Following weeks of heavy rain this time last year, the Somerset Levels were starting to get very soggy indeed. Although they are a stones throw from my home – frustratingly – I was unable to get down there and witness or photograph the floods myself. Like most ‘newsworthy’ events, my experience of the floods was mediated through the TV and reportage images on newspaper websites. Images of impressive aerial views, distraught (as well as stoic) locals, and an abandoned train stick in my mind. Also, a pretty ropey ‘live’ TV broadcast one evening of territorials or marines building makeshift defences out of sandbags, to which I couldn’t shake a deep sense of cynicism for – both in terms of its likely effectiveness, and I suspected, the true nature of the story as an exercise in PR.
Plenty of independent photographers did document the flooding of course, and several photobooks have been published on the floods in the past year. Amano Samarpan’s investigation of the flooding, and the long-term effect of the water on what is predominantly agricultural land is however a more sustained project than most. Steering away from of the familiar media images of wrecked homes and ruined possessions, and the clean-up operations, Samarpan’s photographs examine the 2014 floods within the visual and theoretical framework of landscape discourse. His pictures, many of them diptychs, address, and even answer, the ecological and agricultural anxieties that spiralled last year: “How long can grass survive underwater?!” was one such question that I recall being uttered in earnest desperation. Visions of a sterile, post-apocalyptic plain seemed to haunt the imaginations of many.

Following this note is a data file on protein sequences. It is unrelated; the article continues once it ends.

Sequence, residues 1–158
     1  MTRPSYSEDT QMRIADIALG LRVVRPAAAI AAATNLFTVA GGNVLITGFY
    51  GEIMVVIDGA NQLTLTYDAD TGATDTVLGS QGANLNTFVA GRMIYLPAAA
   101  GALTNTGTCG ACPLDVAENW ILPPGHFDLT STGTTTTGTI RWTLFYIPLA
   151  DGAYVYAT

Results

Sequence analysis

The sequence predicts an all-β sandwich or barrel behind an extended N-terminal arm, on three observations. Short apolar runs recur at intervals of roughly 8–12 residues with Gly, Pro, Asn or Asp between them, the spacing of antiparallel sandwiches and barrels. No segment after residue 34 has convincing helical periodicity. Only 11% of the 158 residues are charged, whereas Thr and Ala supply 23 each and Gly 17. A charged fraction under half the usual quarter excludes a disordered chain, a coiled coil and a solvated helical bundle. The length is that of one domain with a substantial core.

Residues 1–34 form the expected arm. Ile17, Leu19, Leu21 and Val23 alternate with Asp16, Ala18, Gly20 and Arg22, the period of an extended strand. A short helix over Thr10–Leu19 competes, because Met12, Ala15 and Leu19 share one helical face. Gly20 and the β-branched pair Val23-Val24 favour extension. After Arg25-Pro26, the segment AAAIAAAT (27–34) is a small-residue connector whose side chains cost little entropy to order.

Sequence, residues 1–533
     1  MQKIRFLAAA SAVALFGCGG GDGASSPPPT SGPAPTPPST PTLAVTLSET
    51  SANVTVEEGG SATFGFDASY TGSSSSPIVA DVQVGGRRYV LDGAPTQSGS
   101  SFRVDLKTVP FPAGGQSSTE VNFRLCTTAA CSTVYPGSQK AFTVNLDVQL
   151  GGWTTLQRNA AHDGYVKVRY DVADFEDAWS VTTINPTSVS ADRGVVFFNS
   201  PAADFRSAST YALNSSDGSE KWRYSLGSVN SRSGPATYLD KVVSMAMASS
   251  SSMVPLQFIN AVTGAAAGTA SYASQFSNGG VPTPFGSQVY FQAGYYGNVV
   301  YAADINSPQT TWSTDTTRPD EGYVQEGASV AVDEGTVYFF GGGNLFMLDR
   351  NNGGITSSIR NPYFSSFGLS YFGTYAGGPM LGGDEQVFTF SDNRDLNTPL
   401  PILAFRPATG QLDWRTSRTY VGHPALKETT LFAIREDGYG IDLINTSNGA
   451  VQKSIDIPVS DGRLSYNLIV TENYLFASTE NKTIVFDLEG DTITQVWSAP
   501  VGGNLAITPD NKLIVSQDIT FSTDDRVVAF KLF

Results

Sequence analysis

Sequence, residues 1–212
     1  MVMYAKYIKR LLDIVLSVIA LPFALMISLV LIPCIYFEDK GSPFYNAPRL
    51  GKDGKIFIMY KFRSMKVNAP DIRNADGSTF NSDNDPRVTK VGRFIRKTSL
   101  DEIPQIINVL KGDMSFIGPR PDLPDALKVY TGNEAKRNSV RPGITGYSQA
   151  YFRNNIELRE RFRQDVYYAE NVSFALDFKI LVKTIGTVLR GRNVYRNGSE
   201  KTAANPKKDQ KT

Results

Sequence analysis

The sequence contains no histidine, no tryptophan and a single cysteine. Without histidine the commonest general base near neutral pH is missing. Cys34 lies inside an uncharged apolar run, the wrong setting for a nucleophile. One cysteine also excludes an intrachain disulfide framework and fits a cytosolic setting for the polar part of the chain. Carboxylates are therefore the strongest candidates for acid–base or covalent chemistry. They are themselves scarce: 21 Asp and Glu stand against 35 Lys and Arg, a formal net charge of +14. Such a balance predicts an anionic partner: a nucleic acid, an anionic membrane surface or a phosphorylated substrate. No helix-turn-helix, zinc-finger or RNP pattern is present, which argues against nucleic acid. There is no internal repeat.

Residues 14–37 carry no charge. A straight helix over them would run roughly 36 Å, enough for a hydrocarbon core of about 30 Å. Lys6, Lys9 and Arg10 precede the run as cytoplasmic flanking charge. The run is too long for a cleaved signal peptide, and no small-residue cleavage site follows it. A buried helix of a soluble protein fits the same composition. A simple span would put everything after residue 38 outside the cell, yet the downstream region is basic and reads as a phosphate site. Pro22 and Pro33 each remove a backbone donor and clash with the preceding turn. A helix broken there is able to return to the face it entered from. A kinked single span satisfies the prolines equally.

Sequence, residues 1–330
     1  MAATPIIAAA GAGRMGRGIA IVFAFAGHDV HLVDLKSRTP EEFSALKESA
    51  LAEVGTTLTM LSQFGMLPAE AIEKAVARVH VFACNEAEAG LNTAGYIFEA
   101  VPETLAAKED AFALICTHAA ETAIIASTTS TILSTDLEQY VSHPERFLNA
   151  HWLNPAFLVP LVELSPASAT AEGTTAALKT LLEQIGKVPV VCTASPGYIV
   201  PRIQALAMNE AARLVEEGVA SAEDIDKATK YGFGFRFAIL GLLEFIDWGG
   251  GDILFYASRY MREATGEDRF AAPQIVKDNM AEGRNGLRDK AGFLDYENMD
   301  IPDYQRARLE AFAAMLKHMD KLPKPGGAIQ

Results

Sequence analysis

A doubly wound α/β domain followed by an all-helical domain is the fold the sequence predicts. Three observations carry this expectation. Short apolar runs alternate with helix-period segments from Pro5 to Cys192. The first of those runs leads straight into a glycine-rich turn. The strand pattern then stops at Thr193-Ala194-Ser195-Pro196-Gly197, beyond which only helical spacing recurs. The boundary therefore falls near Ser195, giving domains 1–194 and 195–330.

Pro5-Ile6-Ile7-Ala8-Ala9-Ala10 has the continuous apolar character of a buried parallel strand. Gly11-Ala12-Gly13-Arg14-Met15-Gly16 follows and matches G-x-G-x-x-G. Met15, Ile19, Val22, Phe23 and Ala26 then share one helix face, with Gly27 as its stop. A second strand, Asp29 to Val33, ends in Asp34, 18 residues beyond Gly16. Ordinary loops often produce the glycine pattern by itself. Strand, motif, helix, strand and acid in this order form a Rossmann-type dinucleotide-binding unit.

There is a quiet beauty in both Samarpan’s images of the Levels underwater, as well as his photographs of the ‘recovered’ land, which inevitably have a more traditional beauty to them – that is, dare I suggest, a ‘picturesque’ quality. In this instance, the visual reunion of the Levels to their ‘normal’ state offers both ecological and aesthetic comfort: nature came good in the end. Perhaps Samarpan’s ‘drier’ pictures don’t belong within the realm of beauty or the picturesque: in fact the sublime aspect of this investigation is not the awesome power of the rains, but the terrific power of the land to dust itself off and renew itself.
Amano’s Book Beauty and the Sublime in the Flooding of the Somerset Levels is available through Blurb.